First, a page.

But Bin Jelmood House stands out by confronting a painful and unpopular aspect of that history. “Since this house was owned by a slave trader we thought it would be interesting for us to talk about human exploitation, and this is part of the history that we cannot deny — we cannot doctor it to tell the story of something else,” said Hafiz Ali Ali, the director of the Msheireb museums. “The significance is that each house transformed Qatar in some way, [and] the key message we wanted to communicate was to create this awareness for Qatari people to know about the past and also look at the future — what will be the future? How we can shape our society?”
The last portion of the museum ties slavery in the past to modern forms of human exploitation, from sex trafficking to workers in Bangladesh’s garment factories and those who make our mobile phones and computers, to the conditions for labourers in the Gulf.
Although Mr Ali said the museum was not intended as a reaction to criticism of Qatar over the treatment of mostly South Asian workers building the football World Cup 2022 infrastructure, broadening the conversation about exploitation is a savvy tactic, observers say.
“It’s probably largely communicating to a global audience … and trying to show they are both open to dealing with some of these challenges, but also showing that this isn’t a fault that’s just with Qatar, that there are global connections, which I think is a pretty sophisticated way of tackling that problem,” said Kristin Smith Diwan, senior resident scholar at the Arab Gulf States Institute in Washington.
Bin Jelmood House has also opened at a time when Gulf governments are working to create and reinforce notions of national belonging and identity as imperative economic reforms, privatisation and diversification threaten to weaken the traditional social contract between ruler and citizen that has been underwritten by vast — and now unsustainable — state largesse.
Over the past decade, Gulf countries have sought to do this, in part, through “novel forms of nation-building and inculcation of patriotism”, Ms Diwan wrote recently.
These initiatives are accelerating, Ms Diwan said. “How do you strengthen the national identity of your citizens at the same time that you’re opening up your country” economically, she said. The Bin Jelmood museum is, partially, an attempt to “educate citizens towards greater pluralism and tolerance”.
Qatar was the first Gulf country to give citizenship to the descendants of slaves, and its museum, which brings this history into conversations about national identity, is also ahead of the curve. The United States still does not have a national slavery museum, although a museum of African American history and culture is to open in Washington later this year.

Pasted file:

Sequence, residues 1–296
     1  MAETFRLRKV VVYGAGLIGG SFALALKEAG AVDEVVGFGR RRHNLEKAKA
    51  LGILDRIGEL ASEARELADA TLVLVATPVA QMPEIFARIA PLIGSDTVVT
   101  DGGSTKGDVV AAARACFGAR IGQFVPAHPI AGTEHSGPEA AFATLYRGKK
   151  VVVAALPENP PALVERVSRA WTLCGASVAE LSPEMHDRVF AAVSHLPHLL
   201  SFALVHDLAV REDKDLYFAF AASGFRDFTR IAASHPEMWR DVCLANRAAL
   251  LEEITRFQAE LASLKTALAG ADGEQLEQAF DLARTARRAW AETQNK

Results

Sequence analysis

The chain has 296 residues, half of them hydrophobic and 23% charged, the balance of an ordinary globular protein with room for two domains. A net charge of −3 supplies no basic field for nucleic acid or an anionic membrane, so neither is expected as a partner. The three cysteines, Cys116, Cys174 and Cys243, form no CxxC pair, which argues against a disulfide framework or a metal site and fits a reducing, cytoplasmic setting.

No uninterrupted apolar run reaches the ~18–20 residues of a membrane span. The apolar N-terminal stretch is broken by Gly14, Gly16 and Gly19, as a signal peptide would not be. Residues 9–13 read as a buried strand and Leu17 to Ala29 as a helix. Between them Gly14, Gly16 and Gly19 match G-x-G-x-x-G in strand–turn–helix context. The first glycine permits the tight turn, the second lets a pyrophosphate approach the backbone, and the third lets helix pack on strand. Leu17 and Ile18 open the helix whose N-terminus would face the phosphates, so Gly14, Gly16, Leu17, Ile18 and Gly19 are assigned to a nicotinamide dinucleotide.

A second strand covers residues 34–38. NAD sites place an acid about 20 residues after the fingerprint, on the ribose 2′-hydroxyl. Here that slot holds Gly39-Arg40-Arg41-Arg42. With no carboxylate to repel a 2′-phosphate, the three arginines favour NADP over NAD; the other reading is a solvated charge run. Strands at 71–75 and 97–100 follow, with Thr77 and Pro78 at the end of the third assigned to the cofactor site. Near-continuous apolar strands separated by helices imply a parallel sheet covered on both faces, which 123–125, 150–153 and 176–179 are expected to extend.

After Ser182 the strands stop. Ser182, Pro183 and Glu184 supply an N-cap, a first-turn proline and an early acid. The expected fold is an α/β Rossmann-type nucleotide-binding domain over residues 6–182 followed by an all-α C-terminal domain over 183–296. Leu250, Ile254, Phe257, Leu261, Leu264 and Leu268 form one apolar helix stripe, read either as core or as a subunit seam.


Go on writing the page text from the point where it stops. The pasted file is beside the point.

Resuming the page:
“The new museum in Doha, by highlighting the peak pearling period, when great wealth was created on the backs of enslaved and exploited divers, bravely challenges widely held notions of Gulf history, and this differs significantly from other museums I have seen in the Gulf,” said Matthew Hopper, a historian at Cambridge university. “Among the Gulf states, Qatar pioneered the broad inclusion of diverse members of its population into its citizenry early in its history.”
The museum’s stark presentation of the recent past and its inclusion of this history in a national narrative is an important step forward, said one Gulf commentator.
“The Bin Jelmood House museum is a turning point for the Gulf states that are finally starting to confront a dark era in their past. Slavery was only outlawed in the Gulf in the 1960s and many of our parents and grandparents witnessed it first-hand,” said Sultan Sooud Al Qassemi, an Emirati cultural commentator and founder of the Barjeel Art Foundation. “There are also parallels that can be drawn between the mistreatment of individuals in the recent past and the continuing challenges with regards to labour practices in the Gulf. Education is the best guarantee that in the future no individual’s personal rights will be violated, and such museums are a cornerstone in this educational process.”
Reem, a 20-year-old Qatari communications student at Northwestern University in Doha, was visiting the museum as part of her literature class’s reading of The Moor’s Account, a recent novel about a Moorish slave in the New World.
“I grew up in Doha and had no idea this was a slave market,” she said. “We’ve always known or had this general sense of how they are a part of our family and how they’ve been integrated into our community, but there is this whole part we didn’t know about until you go through all the rooms and you see the historical background, the changes, and it’s a different perspective, it’s a different narrative than what we’re used to.”
* This article has been updated to reflect the correct designation of Hafiz Ali Ali.